The Importance of the Global Catalog

GC placement and AD replication planning are crucial

By now, you probably know that the Global Catalog (GC) server is important to Exchange 2000 Server. The GC is a special form of a Windows 2000 domain controller (DC) that holds a complete set of objects (i.e., user accounts, contacts, distribution groups, and configuration data) from all domains in a Win2K forest. The GC stores read-only partial copies of objects from other domains alongside read/write full copies of objects from the GC's home domain. Partial copies include the important attributes of an Exchange mailbox (e.g., email address, phone numbers) but not all the mailbox attributes. In a single-domain implementation, all DCs are effectively GCs, but single-domain implementations are unusual in large, distributed enterprises. GCs come into their own in large enterprises.

Users, contacts, and distribution groups are obviously important to Exchange 2000, but the configuration data that the GC holds is equally vital. Exchange maintains a separate configuration container to store information about servers, administrative groups, routing groups, and other organizational data such as connectors. Unless a messaging system knows how to route messages between servers, across connectors, and to the outside world, you can't expect a messaging system to function properly. Therefore, you can see that the GC plays an important role in message routing. If Active Directory (AD) replication fails or is inconsistent, errors can creep into routing information and thus prevent messages from making their way to users. For example, if you create a new routing group and move some servers into the new group, that information must be published through AD replication before Exchange can route messages to mailboxes on those servers. Exchange 2000's SMTP routing engine ensures that routing decisions are as accurate as possible by referencing the GC when it categorizes messages to decide which route messages should follow.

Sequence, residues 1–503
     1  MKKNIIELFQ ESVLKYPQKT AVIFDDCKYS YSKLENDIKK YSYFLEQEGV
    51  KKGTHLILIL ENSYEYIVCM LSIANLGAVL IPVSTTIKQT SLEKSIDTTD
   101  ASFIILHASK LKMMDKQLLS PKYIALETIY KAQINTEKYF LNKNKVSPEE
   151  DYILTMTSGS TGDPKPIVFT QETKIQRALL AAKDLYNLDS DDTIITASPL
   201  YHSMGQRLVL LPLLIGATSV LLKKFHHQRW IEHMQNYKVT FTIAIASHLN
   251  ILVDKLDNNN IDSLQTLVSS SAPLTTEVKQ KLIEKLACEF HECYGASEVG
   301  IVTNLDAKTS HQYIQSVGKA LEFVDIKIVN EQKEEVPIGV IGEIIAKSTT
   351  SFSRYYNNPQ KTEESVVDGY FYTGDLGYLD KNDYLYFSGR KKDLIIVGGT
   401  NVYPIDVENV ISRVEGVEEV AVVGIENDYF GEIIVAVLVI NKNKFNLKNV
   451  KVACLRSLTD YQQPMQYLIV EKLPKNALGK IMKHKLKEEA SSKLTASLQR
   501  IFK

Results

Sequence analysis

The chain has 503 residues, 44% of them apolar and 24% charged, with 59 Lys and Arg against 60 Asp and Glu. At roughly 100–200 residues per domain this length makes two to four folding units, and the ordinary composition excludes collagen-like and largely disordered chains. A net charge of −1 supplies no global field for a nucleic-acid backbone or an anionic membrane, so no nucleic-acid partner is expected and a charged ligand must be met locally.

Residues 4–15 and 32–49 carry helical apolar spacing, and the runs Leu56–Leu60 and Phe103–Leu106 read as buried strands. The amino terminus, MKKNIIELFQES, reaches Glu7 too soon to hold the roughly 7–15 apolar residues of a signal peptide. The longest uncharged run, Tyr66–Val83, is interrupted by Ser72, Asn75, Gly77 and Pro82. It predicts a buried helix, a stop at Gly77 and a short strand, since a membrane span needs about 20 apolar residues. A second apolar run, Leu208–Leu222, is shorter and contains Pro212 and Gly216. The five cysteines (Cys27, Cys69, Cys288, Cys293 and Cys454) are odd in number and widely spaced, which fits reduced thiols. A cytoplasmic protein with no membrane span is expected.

Performance affects routing as much as replication problems affect routing. A busy Exchange server--one that supports many hundreds or thousands of active users--generates a substantial load for the GC as it responds to the requests from the routing engine. A local in-memory cache on the Exchange server can handle many of these requests, but Exchange must refer to the GC any lookup against a user, contact, or group that isn't in the cache. Therefore, Exchange 2000 servers must have access to GCs that can handle this load. One rule of thumb is to locate a GC near every Exchange 2000 server and to add an extra GC for every four Exchange 2000 servers. In this context, near every Exchange 2000 server means that the GC is on the same LAN. However, if you have a robust WAN environment, you can direct lookup traffic across the WAN to a GC in another location. (If firewalls protect part of the WAN, port 3268 must be open to allow the GC lookups.) You can justify this design decision when you want to place an Exchange server to support a small number of users (50 to 100 mailboxes) and don't want the expense of installing an extra GC.